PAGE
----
Once you know all the facts, it’s easier to make the necessary changes. It’s not that you are a failure, the most important factor is that you don’t know the necessary information to succeed.
My first success story I have in my cookie-jar of accomplishments is quitting purified sugar. It had come to my knowledge that sugar is the main cause of so many diseases like Cancer, Alzheimer’s, and the main culprit in my ongoing lifetime battle with obesity. I quit it cold turkey in 2004 and even though I relapsed a few times here and there, but my baseline is No Added Sugar to Anything. I failed so many times at it. I tried to cut back, but my own mind doesn’t work like that. Cutting back doesn’t work for me. I can only do cold-turkey. I tried and failed, tried and failed, tried and failed, and then tried again, and… one day I was able to stick to it. The life without added sugar to coffee makes your taste palette a whole lot more sensitive to taste. You acquire a good sense of what is considered of good or low quality. You don’t get the nagging necessity for a sugar rush. You can consume less food, and your hunger cravings dissipate. Sugar is the most destructive drug there is. My life has improved tremendously after I had quit added sugar.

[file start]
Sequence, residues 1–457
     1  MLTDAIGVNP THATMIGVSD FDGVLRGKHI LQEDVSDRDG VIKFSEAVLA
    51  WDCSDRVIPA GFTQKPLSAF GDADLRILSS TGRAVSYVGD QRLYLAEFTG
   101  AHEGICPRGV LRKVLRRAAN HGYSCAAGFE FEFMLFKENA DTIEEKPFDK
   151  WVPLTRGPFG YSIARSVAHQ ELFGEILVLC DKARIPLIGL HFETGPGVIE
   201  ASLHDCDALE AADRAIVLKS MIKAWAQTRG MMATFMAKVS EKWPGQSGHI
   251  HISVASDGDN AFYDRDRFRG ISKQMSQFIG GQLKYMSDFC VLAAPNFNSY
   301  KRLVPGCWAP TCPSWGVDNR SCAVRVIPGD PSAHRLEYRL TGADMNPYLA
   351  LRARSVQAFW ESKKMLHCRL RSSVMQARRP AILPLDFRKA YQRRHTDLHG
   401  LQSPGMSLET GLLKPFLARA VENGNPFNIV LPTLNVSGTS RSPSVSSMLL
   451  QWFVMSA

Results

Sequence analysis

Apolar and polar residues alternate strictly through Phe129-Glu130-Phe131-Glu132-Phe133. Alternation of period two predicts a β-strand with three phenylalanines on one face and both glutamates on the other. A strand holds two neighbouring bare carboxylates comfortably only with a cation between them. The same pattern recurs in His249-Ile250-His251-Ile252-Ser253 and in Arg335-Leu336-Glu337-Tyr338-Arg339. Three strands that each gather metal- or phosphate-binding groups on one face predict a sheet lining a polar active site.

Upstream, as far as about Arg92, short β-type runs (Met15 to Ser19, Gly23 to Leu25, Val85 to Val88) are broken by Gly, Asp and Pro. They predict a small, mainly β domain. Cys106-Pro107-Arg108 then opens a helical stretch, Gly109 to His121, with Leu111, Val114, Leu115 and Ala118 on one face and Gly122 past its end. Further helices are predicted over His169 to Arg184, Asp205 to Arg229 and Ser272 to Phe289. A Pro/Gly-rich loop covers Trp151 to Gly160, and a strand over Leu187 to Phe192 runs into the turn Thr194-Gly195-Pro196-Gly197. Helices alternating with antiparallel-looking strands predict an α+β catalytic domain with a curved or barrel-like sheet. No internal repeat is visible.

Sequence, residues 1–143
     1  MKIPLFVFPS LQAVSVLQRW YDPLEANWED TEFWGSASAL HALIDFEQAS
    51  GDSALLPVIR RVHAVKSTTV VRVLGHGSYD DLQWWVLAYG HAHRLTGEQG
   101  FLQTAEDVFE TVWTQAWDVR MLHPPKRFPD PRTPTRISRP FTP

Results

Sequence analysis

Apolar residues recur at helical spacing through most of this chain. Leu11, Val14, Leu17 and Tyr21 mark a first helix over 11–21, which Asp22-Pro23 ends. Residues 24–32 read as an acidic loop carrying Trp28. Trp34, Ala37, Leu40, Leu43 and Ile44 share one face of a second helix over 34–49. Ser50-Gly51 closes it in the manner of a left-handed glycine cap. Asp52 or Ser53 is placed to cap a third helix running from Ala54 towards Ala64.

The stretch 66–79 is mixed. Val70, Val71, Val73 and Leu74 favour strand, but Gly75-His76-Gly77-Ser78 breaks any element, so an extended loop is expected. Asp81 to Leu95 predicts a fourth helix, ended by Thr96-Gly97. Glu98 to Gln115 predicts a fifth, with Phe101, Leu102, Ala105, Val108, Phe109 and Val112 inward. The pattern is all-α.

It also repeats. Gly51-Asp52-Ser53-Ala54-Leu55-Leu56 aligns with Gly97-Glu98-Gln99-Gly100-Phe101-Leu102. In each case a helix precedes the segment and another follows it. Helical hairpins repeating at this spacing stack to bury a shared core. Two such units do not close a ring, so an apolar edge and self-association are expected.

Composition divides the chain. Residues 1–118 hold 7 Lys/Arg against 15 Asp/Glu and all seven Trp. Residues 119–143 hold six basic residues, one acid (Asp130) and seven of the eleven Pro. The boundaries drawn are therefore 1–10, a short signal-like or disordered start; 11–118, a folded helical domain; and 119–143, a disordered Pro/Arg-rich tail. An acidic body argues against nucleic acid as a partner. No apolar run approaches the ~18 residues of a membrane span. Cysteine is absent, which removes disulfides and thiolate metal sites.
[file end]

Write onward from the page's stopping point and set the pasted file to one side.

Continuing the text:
My second success story is about quitting smoking. It’s another drug that triggers addictive behavior in the brain. You get addicted to the smell, the taste, the aftertaste, the automatic cues to light up, and you can’t break free. I knew smoking was a very bad habit. I knew I had to quit it. I knew I tried to quit and did successfully quit sugar, so this too is something I can do. But, as with most addictions, you don’t break free until you reach a critical mass of some sort. I simply didn’t want my son to see me smoking and think of it as OK. I used to hide from my baby boy when I was smoking. I went outside, or locked myself in a room somewhere he couldn’t see me. I had a very clear idea about not losing the moral authority in such a matter, because I doesn’t make any sense whatsoever to tell your kid to never try smoking while he’d seen you all of his life smoking openly before his eyes. He was about 3 years old when he caught me one day and he asked with that the most innocent of voices, “what are you doing daddy?” I threw the cigarette and puffed out the last drag of smoke and said “nothing.” That coincided with a lucky break of catching bronchitis and stay bedridden for a whole month on medication and strong antibiotics, a period of hell, during which normal breathing was unbelievably painful. I got out of that experience swearing off smoking forever. I was able to capitalize of the period of being sick which expanded over a month and masked most of the regular early withdrawal symptoms I’ve come to be quite familiar with. I’ve marked it up as it repeated so many times over the years. First I had to quit cold turkey, because, I don’t do, cutting back. I have a head splitting headache and bouts of anger for 3 days. I have the worst coughing in my chest for 3 weeks. I crave a cigarette for 3 months. I feel like I can go back to smoking at any time for 6 months. After that, it’s smooth sailing, until you get that special friend, or that bad stressful situation, or whatever you think is pushing you towards smoking again, and looking out for a crutch, that’s the easiest one to use. So, I have managed to quit for 1 day and relapse, quit for one week and relapse, quit for 3 months and relapse, quit for 3 years and relapse. And yes, in that order. Note that each time I tried, the time I was able to keep it up expanded. That’s how you can achieve almost anything. In a week of writing this, I will mark my 4th year in a row smoke free.